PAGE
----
1. EZ Seat is made by compounding pharmacies and consists of a lanolin base with 5% tetracycline and 2% hydrocortisone.
  6. Seat the abutment onto the head of the implant. Fig 4
  7. Take a radiograph to confirm the abutment is completely seated
  8. Complete the final torquing of the screw following manufacturer recommendations
    1. Using a new screw is recommended
  9. Place Teflon tape into the access opening to the screw
  10. Place an opaque composite (ex: Tokuyama Estelite Omega) leaving a slight depression
    1. This depression will act as a reservoir for excess cement and prevent incomplete seating of the final crown
  11. Use a two-retraction cord technique to prevent cement from getting into the sulcus, with the cords overlapping in the interproximal areas. (Figure 5)Fig 5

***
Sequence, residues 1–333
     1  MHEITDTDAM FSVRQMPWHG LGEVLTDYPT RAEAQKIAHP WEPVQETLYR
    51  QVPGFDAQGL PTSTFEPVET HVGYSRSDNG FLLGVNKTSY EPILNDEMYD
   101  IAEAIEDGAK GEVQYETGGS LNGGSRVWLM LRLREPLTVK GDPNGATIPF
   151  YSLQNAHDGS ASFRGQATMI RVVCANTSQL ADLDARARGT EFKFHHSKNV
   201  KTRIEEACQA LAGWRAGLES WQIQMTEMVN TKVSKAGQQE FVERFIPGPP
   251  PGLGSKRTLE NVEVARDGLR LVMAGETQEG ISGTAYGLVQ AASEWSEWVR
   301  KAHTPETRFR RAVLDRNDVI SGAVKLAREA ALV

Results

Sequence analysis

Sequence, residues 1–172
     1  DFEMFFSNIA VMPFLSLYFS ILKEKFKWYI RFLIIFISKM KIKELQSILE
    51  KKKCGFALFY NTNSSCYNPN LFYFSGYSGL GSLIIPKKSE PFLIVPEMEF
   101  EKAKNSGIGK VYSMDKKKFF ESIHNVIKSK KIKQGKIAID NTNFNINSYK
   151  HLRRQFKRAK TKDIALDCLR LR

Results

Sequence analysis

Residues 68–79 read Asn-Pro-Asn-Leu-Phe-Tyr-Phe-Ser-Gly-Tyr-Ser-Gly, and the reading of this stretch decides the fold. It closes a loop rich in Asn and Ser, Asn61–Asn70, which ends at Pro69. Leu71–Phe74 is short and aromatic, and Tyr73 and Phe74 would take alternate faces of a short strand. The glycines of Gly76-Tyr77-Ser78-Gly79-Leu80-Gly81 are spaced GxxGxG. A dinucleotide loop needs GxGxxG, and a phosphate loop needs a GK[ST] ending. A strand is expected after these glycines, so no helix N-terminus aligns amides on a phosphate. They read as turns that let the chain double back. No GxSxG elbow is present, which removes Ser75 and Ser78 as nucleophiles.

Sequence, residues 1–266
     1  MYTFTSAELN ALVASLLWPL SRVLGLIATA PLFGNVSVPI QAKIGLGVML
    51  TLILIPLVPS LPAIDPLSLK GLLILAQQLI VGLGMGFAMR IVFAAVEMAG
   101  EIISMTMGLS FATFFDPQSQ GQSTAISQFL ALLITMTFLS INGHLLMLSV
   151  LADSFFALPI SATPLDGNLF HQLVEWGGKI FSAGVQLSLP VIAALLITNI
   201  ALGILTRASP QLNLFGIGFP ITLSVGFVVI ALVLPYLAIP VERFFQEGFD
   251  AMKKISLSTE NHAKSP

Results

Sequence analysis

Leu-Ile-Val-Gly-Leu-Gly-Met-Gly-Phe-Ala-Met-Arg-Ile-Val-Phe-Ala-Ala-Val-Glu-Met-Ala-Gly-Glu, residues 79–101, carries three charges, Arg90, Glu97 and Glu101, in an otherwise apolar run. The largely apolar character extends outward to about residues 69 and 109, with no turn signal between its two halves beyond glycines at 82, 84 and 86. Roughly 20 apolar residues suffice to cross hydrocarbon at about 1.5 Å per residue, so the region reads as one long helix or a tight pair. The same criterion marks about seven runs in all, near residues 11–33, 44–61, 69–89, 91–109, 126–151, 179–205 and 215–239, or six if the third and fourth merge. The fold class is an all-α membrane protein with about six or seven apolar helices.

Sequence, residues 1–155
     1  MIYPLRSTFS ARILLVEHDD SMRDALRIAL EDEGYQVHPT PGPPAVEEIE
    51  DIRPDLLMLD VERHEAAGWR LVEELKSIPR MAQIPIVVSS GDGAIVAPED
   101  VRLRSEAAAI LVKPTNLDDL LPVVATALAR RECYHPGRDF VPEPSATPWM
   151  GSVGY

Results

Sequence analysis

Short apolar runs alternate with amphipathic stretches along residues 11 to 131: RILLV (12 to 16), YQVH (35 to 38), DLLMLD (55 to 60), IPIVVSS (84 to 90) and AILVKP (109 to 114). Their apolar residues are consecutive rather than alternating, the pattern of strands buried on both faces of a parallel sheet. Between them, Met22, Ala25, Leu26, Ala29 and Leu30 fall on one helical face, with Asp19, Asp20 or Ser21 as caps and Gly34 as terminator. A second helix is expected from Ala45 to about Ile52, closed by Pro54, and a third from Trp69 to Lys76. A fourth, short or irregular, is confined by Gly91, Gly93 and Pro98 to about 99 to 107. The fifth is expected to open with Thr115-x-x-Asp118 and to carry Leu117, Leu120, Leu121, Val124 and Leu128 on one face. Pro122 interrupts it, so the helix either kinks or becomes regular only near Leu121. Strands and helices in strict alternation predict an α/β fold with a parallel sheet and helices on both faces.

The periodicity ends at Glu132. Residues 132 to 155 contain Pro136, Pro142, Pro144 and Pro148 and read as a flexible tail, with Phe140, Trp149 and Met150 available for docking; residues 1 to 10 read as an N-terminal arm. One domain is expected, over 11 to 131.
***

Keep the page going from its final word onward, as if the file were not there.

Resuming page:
1. The first cord is placed on the distal aspect of the abutment just palatal to the crown’s interproximal contact point.
      1. This cord extends onto the facial aspect and to the mesial aspect of the abutment, just palatal to the contact point.
    2. The second cord is placed in the palatal sulcus, extending just facial to the mesial and the distal contact points.
      1. Take care to place the cord apical to the margin to prevent trapping it under the crown margin during cementation.
  12. After the crown is cemented, the cords are carefully removed, one towards the labial aspect and one palatally, to ensure that no cement is left in the sulcus. (Figure 6) Fig 6